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Netting Tight Enough To Keep Out Fruit Flies
Super fine netting from Berry Protection Solutions keeps out even tiny pests like the dreaded Spotted Wing Drosophila (SWD), a commonly-known type of fruit fly. They have devastated many soft fruit operations, including berry, cherry and even plum. Dale-Ila Riggs lost 40 percent of her blueberry crop before she discovered ExcludeNet from Tek-Knit Industries.
    “SWD didn’t show up in New York State where we farm until 2011,” says Riggs. “By 2012 it hit our blueberries, and we would have lost 90 percent of our raspberries if we hadn’t sprayed every few days.”
    Unlike other fruit flies that attack over-ripe fruit or rotting fruit, the SWD lays eggs in fruit as it is ripening on the plant. Emerging maggots spoil the fruit and prevent sales.
    In an effort to avoid constant spraying, Riggs started looking for other options. With the help of a SARE (Sustainable Ag Research and Education) grant, she tried ExcludeNet from Quebec-based Tek-Knit Industries in 2014. Over the past 5 years she has refined how she uses it. Today she has netting over hoops to protect a full half acre of blueberries and some raspberries as well. Benefits have been huge.
    “Four out of the past 5 years I’ve harvested my highest-yielding crops,” says Riggs. “Oregon and Washington producers typically have the highest production, and mine were higher. In 2017 I harvested and marketed more than 6,800 lbs.
Riggs credits the netting in part for her high yields. The tight netting with a single airlock entry door keeps out the SWD. She feels the netting also reduces weather stress on the plants.
    “We had no weather-related losses despite 3 hailstorms and multiple thunderstorms with high winds,” says Riggs. “The netting diffuses the wind and rain.”
    When the owner of Tek-Knit visited Riggs’ farm, he suggested that since she knew the product so well, she should sell it. She and her husband took him up on the idea. They are now the U.S. distributor. She sells mainly to market gardeners and professional growers. ExcludeNet is available in 6 1/2 and 13-ft. rolls of 80 gram per meter material. The company also makes a 60-gram netting for excluding larger insect pests.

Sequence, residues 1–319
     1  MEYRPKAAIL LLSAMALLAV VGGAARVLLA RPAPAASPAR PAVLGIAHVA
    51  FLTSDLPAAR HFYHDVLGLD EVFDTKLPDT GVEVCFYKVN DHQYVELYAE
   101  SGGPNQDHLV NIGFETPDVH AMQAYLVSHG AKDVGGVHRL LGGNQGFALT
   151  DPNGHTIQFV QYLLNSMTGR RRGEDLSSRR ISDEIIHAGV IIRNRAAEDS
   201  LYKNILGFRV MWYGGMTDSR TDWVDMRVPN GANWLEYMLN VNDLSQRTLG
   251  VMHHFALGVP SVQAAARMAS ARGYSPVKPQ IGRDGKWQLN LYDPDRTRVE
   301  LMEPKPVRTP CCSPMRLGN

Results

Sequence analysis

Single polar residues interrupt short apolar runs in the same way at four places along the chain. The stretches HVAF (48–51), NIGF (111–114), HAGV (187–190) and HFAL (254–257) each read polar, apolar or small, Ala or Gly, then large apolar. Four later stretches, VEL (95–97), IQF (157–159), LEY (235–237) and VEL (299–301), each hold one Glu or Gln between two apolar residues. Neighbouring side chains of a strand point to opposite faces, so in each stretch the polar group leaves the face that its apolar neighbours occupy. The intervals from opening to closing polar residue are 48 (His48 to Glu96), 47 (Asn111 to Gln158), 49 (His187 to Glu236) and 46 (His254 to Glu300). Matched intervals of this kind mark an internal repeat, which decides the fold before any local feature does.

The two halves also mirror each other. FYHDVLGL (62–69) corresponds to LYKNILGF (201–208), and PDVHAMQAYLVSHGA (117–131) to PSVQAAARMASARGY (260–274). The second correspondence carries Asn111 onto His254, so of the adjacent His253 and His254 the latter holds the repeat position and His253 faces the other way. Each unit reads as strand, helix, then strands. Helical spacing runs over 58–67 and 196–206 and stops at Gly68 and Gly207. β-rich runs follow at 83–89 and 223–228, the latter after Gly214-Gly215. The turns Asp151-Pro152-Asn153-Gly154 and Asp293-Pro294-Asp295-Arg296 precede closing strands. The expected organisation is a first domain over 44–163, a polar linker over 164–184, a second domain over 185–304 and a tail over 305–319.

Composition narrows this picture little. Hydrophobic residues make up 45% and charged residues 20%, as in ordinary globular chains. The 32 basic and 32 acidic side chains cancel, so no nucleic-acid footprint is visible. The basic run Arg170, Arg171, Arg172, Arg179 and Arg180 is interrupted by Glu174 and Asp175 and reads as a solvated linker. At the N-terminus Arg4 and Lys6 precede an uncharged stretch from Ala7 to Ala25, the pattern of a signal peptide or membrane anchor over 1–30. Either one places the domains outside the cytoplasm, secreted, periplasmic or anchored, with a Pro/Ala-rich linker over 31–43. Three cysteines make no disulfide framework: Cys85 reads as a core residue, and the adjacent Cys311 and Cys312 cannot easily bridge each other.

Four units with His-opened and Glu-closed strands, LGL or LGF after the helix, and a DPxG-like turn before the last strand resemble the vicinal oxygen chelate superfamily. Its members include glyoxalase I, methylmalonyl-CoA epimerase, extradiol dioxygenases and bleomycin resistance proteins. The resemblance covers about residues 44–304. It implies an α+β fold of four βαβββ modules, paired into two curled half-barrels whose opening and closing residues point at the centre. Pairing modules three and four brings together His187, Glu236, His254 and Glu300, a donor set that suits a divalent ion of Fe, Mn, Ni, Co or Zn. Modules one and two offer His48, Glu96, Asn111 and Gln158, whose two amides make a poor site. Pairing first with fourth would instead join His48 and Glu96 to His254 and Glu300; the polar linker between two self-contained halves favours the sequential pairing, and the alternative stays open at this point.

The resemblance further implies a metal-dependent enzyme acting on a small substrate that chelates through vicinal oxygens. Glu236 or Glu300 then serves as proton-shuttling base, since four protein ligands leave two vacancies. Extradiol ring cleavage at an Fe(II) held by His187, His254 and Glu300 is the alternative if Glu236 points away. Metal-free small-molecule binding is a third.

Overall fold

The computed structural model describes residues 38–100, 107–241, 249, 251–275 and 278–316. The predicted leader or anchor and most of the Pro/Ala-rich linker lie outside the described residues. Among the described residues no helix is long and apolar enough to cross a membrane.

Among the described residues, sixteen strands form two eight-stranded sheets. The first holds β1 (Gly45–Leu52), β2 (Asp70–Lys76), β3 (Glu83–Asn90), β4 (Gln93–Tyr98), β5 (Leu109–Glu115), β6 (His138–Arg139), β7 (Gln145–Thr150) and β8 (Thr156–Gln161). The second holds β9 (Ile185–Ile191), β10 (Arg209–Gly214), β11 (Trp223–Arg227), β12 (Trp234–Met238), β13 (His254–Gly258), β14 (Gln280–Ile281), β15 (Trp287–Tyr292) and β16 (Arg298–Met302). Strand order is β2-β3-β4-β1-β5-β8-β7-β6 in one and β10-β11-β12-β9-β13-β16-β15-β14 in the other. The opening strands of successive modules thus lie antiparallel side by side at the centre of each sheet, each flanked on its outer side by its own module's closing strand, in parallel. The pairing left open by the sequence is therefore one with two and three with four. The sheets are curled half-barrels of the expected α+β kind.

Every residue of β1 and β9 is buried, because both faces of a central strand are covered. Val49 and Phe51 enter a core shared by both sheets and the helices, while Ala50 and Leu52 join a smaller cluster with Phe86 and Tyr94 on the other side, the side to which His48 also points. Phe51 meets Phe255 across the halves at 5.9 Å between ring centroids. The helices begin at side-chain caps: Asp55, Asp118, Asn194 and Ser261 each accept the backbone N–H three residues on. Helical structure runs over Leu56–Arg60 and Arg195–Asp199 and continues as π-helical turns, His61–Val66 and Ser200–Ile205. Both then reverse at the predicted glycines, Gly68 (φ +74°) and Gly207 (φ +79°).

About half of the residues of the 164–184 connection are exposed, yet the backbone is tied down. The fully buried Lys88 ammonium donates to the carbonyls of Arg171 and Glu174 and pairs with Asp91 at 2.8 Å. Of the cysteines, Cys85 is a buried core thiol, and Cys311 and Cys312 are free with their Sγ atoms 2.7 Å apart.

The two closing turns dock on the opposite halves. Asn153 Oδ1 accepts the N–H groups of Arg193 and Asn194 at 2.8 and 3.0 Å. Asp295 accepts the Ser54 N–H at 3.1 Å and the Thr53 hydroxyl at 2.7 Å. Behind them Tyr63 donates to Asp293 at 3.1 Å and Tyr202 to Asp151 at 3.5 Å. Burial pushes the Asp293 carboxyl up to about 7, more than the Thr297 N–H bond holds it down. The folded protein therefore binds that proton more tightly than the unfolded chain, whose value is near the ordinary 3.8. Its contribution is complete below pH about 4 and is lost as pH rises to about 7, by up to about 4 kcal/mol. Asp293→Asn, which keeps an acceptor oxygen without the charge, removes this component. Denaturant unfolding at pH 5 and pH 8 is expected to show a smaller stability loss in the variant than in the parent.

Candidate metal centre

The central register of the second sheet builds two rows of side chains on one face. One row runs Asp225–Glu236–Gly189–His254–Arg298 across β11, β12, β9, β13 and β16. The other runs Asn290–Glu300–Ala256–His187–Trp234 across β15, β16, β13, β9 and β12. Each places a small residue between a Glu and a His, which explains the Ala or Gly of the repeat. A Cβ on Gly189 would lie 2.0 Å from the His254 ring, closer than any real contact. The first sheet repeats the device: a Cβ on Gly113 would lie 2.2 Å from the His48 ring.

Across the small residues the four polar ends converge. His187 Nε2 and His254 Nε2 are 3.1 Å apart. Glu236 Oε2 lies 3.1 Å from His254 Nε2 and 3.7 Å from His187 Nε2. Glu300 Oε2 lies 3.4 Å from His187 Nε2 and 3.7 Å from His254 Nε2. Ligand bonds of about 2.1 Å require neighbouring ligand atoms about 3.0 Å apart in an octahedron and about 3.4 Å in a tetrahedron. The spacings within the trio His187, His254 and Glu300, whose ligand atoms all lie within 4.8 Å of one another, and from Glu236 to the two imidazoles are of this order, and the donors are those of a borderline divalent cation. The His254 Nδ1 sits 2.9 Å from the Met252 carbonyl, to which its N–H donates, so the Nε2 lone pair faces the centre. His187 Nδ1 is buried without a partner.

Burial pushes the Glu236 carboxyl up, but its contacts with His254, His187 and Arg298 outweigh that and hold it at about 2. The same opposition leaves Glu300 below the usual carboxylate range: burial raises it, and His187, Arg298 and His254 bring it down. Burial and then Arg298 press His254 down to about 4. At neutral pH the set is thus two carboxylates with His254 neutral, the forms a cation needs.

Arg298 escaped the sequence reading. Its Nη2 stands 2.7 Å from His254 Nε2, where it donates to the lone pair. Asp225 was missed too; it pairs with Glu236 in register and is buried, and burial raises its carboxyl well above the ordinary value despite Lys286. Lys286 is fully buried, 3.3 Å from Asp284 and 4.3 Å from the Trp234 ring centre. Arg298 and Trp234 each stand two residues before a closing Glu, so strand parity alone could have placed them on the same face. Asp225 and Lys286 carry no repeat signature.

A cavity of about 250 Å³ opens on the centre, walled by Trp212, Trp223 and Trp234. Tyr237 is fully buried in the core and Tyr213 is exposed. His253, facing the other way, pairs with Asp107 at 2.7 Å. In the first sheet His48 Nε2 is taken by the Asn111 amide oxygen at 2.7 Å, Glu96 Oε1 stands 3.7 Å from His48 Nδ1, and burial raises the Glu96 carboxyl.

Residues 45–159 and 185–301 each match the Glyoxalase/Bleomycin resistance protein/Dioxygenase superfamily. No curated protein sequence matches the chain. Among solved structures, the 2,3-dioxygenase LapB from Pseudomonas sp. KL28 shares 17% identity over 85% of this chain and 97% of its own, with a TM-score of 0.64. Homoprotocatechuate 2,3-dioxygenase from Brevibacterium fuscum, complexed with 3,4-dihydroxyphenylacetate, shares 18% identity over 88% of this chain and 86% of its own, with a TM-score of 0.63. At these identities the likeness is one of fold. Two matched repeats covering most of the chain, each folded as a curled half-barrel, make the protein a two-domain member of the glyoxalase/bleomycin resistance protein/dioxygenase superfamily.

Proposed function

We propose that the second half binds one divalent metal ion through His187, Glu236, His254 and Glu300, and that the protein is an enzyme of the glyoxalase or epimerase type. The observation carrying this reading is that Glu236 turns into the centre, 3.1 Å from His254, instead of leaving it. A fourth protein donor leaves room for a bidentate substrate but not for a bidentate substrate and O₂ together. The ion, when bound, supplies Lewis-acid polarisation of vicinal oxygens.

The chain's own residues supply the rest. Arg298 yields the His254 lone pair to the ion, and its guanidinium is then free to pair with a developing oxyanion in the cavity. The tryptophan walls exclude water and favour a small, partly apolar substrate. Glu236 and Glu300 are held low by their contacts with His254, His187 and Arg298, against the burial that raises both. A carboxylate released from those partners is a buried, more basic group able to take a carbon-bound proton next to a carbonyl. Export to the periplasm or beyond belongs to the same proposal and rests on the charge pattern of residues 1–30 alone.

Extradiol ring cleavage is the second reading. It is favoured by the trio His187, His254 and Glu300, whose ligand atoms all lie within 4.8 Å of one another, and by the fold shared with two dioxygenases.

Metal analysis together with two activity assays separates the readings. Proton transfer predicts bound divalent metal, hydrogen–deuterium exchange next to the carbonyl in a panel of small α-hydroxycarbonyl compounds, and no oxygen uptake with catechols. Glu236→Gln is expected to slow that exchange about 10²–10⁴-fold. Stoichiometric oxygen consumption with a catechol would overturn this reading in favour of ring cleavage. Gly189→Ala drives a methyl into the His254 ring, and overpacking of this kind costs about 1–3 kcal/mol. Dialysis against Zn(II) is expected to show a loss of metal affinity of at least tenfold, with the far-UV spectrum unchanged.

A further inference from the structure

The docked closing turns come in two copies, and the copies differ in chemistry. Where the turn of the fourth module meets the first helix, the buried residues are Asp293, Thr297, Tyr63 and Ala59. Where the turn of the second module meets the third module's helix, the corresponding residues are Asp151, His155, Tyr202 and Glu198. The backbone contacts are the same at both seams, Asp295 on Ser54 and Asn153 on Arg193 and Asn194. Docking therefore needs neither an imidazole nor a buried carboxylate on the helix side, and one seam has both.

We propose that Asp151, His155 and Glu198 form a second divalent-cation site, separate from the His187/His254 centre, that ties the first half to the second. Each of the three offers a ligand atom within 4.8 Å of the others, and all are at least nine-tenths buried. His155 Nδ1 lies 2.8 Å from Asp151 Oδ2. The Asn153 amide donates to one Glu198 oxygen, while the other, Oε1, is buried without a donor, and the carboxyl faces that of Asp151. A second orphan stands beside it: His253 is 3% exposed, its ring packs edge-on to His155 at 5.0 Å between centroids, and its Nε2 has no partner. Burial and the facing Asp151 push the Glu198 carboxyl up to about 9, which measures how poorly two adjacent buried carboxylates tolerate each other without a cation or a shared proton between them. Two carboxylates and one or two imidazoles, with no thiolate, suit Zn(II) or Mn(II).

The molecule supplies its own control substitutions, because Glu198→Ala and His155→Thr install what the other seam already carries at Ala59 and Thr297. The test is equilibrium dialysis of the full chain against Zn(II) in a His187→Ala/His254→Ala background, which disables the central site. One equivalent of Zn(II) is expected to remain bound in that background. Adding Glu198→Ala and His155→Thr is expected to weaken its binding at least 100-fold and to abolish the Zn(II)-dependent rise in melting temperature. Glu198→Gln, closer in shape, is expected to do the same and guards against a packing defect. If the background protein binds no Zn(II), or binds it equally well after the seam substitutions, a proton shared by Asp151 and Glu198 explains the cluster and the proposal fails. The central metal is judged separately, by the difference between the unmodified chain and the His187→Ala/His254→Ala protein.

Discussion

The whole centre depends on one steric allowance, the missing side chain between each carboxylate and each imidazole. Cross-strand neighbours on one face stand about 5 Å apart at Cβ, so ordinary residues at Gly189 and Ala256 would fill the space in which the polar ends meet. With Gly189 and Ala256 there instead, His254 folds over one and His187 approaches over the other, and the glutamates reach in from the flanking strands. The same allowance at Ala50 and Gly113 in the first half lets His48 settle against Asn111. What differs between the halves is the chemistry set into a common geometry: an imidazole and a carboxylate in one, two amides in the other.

“The 13-ft. by 328-ft. roll sells for $550 plus shipping,” says Riggs. “Netting edges can be sewn together for an additional $220 per seam.”
    Riggs mounts 26-ft. wide panels over multiple sets of hoops to protect her blueberries. She uses wire lock channels and Spring Lock (wiggle wire) to hold the panels in place. She lays panel edges over the wire lock channels followed by a strip of greenhouse plastic over the panel edges before installing the wiggle wire to hold the panels and plastic in place.
    The netting has a 5-year warranty against degradation and weathering, but Riggs suggests a life of at least 7 years.      Contact: FARM SHOW Followup, Berry Protection Solutions, 15589 State Route 22, Stephentown, N.Y. 12168 (ph 413 329-5031 or 518 733-6772; rberriesrgreat@fairpoint.net; www.berryprotectionsolutions.com).

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2019 - Volume #43, Issue #3